What is your favorite way to travel? Some people like to take long car drives, others prefer to go by air, many even like to take boat trips, but an extremely popular way to travel is by train. Passenger trains and public transportation take up a big chunk of transportation funds.
Whether you're hitching a subway ride every day to get to work or you're cashing in on a luxury train ride around the country, there are advantages and disadvantages to taking a train ride. Many people even find them relaxing. But there are some secrets you might not know about trains, so we've compiled a list containing 10 of them.
10 Conductors can’t change the train speed
Just like when you pay a visit to the doctor’s office and your doctor is running late, if something happens to make the train run late, you'll be out of luck. Conductors can’t do much about getting trains back on track once the schedule has been tampered with. That means, if your train is late due to unforeseen circumstances then you’ll be late too.
Conductors are unable to make up for lost time. A similar sentiment can be said for doctors, whose entire day can get off track with one late patient or appointment that goes too long. This isn’t something you would know. Trains will operate as normal, even if they are running late.
9 Train personnel have their own lingo
Did you know train personnel and staff have their own special lingo? It’s not all that surprising when you think about it. Diners, chefs, pilots, and more have their own slang and lingo to shorten important commands when on the go. The same can be said for people who work on passenger trains.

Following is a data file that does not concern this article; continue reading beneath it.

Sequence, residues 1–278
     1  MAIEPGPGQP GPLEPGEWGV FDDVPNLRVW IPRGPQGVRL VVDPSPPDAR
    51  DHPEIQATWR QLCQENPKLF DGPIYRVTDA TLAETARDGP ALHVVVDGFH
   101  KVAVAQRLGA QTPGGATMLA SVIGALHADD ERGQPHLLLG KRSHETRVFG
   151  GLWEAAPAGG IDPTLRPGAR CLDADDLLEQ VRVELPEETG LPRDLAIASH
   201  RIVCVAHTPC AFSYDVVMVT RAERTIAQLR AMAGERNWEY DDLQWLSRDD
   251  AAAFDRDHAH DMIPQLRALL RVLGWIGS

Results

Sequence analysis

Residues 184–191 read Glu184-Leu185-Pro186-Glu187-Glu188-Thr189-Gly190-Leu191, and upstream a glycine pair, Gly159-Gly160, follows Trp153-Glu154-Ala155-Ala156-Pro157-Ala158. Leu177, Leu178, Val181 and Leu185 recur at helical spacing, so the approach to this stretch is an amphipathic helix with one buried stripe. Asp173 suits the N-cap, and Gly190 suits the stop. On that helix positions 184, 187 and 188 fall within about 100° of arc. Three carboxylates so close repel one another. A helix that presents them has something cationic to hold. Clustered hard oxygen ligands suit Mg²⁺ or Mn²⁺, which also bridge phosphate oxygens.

If you were to listen to their conversation there is a chance you wouldn’t understand anything they were saying when they talk about a “piggyback” or “blowing smoke.” Rest assured, these aren’t terms meant to alarm. It’s a good thing to hear this because it means the staff is well-versed and good at their jobs.
8 Sometimes conductors lie to keep passengers calm
No one wants to have a subway full of panicked passengers if something were to go terribly wrong. If there is a bomb threat, someone jumps in front of a train, or even an accident ahead, conductors will mince words and use phrases like "an ongoing police investigation" or a "passenger needs medical attention."
In reality, the situation may be more severe than that but in order to quell potential panic-inducing situations, it's best if they don't announce the full details over the intercom to everyone on the train. Rest assured they have things under control.
7 Don't hit the emergency brake if you see a sick passenger
It is true that the phrase "sick passenger" can actually mean that someone is dying or close to death. It could also just mean someone is vomiting or not feeling well. If you do see someone who is really sick on the train, it might be your first instinct to hit the emergency brake so you can stop the train and get help but that is is actually one of the worst things you can do.
If the train is forcibly stopped, it will take much longer to get that passenger proper medical care and attention. It's best to let the train continue and get them to a hospital then.
6 Amtrak has struggled to retain profits
While Amtrak is doing much better in revenue now than it was a few years ago, there was a time when the company wasn't having profitable years. According to Marketwatch.com, in 2011, Amtrak hadn't had a really successful year since 1971. Plus, Amtrak burns through quite a bit of our tax dollars.